“The Creature from Cleveland Depths” continues, as ticklers get better and better day by day, in every way.
The Life of St. Augustine continues, as Augustine confronts Donatists, Manichaeans, and Arians in public debate, and is led by the Holy Spirit to mess up a sermon.
There’s a lot that’s not pretty in these two parts. Clearly, there seems to have been some outrageous and dangerous stuff going on; but equally clearly, there’s something creepy about state prosecution of religious dissent. As Augustine found out, the hand of the state can also chill free discussion and thus stand in the way of changing people’s minds with argument. So there’s a lot to think about here.
On the other hand, the story of Augustine’s digression is very comforting. In the end, you really don’t have any idea how other people are going to take things; and the effect you have on people is not really under your control. However, God is quite capable of putting all kinds of stuff to use; and if you offer yourself to serve Him, He may very well put you to use in some very odd ways.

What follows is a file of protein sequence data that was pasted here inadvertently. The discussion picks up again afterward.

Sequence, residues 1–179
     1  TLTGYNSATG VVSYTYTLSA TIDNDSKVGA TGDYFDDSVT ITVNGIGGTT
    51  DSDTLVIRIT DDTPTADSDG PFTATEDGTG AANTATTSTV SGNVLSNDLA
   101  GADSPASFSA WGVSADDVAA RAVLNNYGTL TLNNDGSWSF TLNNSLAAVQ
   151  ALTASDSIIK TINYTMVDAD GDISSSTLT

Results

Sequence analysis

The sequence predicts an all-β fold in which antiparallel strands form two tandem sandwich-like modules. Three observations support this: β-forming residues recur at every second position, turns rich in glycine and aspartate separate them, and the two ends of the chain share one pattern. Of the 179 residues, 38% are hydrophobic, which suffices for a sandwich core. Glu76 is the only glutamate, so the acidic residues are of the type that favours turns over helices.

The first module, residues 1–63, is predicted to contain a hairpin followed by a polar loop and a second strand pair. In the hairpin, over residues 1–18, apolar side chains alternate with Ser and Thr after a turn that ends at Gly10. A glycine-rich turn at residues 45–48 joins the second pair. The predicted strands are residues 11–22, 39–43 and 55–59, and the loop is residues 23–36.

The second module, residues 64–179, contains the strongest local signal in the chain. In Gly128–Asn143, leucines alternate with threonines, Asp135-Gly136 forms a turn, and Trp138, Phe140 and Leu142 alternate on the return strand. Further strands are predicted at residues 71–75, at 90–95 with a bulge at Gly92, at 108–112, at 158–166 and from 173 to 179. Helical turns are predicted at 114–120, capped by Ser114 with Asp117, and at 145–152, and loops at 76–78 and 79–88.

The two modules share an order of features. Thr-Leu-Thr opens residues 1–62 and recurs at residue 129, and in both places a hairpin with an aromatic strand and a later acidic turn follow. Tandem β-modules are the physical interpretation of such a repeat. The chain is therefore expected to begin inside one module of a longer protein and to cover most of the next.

“The Creature from Cleveland Depths” by Fritz Leiber disturbs me quite a bit. So for your Halloween shiver, and from the pages of Galaxy in December 1962, I present “The Creature from Cleveland Depths”.
You’ve got till next Friday to vote! Also, please notice that you can actually write in votes on the line below “Other”. So if you have an unlisted category or a specific work to suggest, you can put it there.
(As my mom always said, this isn’t a democracy; so this won’t be absolutely decided by vote. But as this podcast’s benevolent despot, I want your input, and the new poll feature seems like a good way to hear from you.)
UPDATE: I can see the “Other” write-in votes, but apparently nobody else can. I’ll keep you posted.
So far, we have 5 votes for Marmion’s Christ in the Mysteries (I think maybe that was multiple tries at getting the Other to show up), 1 vote for Romano Guardini, 1 vote for biography, and 1 “just testing”.
Much stuff by Bl. Marmion, and a couple of works by Guardini that have fallen into the public domain, are possibles; but I’ll have to look at it — and of course consider the other votes and my own preferences.